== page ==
The redevelopment of the former Belchertown State School property is a classic case of what results when a buyer and a seller fails to conduct due diligence when buying or selling real estate. Not only does a buyer need to investigate the property they are purchasing, but the seller needs to ensure a buyer’s ability to perform. The quasi-governmental organization that owns the property has failed to perform adequate due diligence as a buyer and as a seller since taking ownership of the property in 2002, which has cost them money and has significantly slowed the process of redeveloping the site.
At an annual town meeting in the early 1990’s, Belchertown voted to form an economic development and industrial corporation to take ownership of the property, which included several parcels of land with a total of 263 acres of land. According to Mass.gov, an economic development and industrial corporation must consist of people with the following qualifications: one member experienced in industrial development, one member experienced in financial matters, one member experienced in real estate matters, one member representative of low income people, and one member experienced in municipal government.
It should be noted that most of the current members of the EDIC were not involved in most of the situations discussed here.
The Belchertown Economic Development and Industrial Corporation (EDIC) took ownership of the property in 2002. The price that they paid was $10 because they agreed to take the property in “as is” condition, despite the fact that the commonwealth was willing to convey the property after a full remediation of the hazardous materials in the former State School buildings and tunnels. About $5 million was spent partially remediating the site at that point.
As a condition of taking the property in “as is” condition, however, the EDIC agreed to accept the liability risks as well. This included all liability that may stem from the hazardous materials on the site from when the commonwealth owned the property. This was stipulated in an indemnification clause that was to transfer with the deed. So whomever the property was conveyed to in the future would have to accept this risk as well.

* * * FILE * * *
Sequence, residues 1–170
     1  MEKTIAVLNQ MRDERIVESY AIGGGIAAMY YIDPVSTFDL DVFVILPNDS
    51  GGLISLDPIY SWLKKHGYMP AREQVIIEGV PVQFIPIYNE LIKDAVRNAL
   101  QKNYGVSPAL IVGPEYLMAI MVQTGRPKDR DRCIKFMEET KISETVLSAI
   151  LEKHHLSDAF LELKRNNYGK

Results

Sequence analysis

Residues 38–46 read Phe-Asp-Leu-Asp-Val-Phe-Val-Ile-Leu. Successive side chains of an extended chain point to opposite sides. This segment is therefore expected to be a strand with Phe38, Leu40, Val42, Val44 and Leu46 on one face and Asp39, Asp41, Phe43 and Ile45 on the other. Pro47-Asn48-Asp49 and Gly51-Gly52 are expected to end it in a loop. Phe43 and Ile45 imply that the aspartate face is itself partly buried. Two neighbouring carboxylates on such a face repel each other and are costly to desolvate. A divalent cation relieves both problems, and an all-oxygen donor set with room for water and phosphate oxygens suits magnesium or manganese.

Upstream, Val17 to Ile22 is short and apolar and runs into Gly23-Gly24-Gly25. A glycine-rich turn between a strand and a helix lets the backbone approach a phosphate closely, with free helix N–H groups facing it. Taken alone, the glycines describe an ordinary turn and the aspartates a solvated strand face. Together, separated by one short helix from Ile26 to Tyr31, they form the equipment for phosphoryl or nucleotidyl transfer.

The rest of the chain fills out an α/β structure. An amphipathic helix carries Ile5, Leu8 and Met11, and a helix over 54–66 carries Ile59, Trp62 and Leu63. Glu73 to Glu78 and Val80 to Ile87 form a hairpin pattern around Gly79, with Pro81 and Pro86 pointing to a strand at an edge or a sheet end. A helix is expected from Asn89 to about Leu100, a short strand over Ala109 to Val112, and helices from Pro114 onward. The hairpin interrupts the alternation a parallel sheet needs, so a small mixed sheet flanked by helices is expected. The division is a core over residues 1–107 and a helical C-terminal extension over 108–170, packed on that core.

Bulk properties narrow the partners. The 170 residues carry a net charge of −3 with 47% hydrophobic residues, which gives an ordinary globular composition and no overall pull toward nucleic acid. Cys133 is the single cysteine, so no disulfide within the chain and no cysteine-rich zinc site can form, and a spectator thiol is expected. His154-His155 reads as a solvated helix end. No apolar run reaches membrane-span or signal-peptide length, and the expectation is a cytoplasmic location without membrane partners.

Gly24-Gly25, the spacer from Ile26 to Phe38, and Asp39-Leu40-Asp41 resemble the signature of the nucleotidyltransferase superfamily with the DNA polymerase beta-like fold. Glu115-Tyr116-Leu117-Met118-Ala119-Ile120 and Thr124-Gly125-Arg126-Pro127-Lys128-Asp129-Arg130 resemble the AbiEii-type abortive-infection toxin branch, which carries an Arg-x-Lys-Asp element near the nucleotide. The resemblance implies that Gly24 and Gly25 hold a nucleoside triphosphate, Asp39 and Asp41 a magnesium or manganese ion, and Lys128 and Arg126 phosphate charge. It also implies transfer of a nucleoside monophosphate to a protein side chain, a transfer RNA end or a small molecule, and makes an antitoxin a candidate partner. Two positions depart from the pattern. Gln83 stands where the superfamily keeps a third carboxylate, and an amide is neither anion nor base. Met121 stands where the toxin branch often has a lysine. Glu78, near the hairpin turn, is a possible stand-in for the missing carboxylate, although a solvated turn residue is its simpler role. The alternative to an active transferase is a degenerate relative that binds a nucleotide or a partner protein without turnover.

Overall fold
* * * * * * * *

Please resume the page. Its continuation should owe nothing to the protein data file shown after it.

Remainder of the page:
For example, a former patient of the Belchertown State School develops respiratory problems as a result of being at the facility and sues. They would have to sue the owner of the property and not the state. No reasonable developer would agree to take ownership of the property with this condition.
At the time, the EDIC figured that they would be able to finance the multi-million dollar finance costs either through sale of some of the undeveloped parcels or by letting developers assume those costs.
However, things didn’t turn out that way largely due to the EDIC’s failure to conduct their own due diligence when taking ownership of the property, or when they conveyed the property to others.
When they started working with the first master developer for the former State School campus site, according to a very critical state audit, whose conclusions the EDIC and Belchertown Board of Selectmen were critical of, the EDIC failed to adequately evaluate the developer’s ability to bring their plan to fruition. As a consequence, according to the state auditor’s report, after signing a development agreement in May 2006 and a purchase and sale agreement being executed in September 2007, a second deposit check for $100,000 bounced. Although the EDIC continued to work with the developer despite this demonstration of the developer’s inability to pay, the relationship eventually dissolved and over a year was lost.
Then came the EDIC’s sale of Parcel E, which is where an office building, Tractor Supply, and Planet Fitness are currently located. When
the EDIC conveyed this property to another developer, they did so at a deep discount as it was agreed that a number of infrastructure improvements would be constructed. The 44 acre parcel was sold for $125,001 with the understanding that the developer would install a sewer pumping station, install over 2000 feet of water and sewer lines, conduct a traffic study, and install a traffic light. What’s more, the developer turned around and sold the property for a nearly $2 million profit, according to the state auditor’s report.
These improvements were not made as agreed to because the EDIC didn’t conduct adequate due diligence when conveying the property. They didn’t ensure that the agreement for the improvements was legally binding, i.e., through a restrictive covenant attached to the deed, which is a common sense tool that could have been used to protect the town’s interests. Further, the EDIC lost an opportunity to profit from the sale of the parcel and use those funds to remediate the buildings on the campus site. What’s more, as was the case with the master developer of this site, and as the state auditor’s report points out, it turns out that the EDIC didn’t do their due diligence when selecting this developer whose business practices proved questionable. This was demonstrated by the fact that a number of liens were placed on the one building he developed at the site, as well as complaints from tenants.
In response to the criticism regarding the sale of this parcel, known as Parcel E, the EDIC chairman reportedly said, “Back in 2002, we had no money, had never done a development, and had sent two requests for proposals on that property and received zero responses.”
Regardless, the EDIC also didn’t proactively market the property and they didn’t do their due diligence when arriving at a price, which was based lower than an appraised value of the undeveloped parcel, according to the audit report. A request for proposals is hardly a way to get the word out to a larger pool of developers and get the highest and best price with the best terms.